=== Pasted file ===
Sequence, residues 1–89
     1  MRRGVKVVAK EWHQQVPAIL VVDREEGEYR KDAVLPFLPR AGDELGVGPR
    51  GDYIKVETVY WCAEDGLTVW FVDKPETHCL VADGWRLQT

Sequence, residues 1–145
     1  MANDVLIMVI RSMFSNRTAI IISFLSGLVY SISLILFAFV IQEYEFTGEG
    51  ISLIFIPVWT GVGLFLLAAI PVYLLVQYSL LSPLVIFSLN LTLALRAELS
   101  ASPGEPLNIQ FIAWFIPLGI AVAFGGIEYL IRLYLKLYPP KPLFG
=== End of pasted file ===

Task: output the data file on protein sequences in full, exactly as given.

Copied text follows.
Sequence, residues 1–89
     1  MRRGVKVVAK EWHQQVPAIL VVDREEGEYR KDAVLPFLPR AGDELGVGPR
    51  GDYIKVETVY WCAEDGLTVW FVDKPETHCL VADGWRLQT

Sequence, residues 1–145
     1  MANDVLIMVI RSMFSNRTAI IISFLSGLVY SISLILFAFV IQEYEFTGEG
    51  ISLIFIPVWT GVGLFLLAAI PVYLLVQYSL LSPLVIFSLN LTLALRAELS
   101  ASPGEPLNIQ FIAWFIPLGI AVAFGGIEYL IRLYLKLYPP KPLFG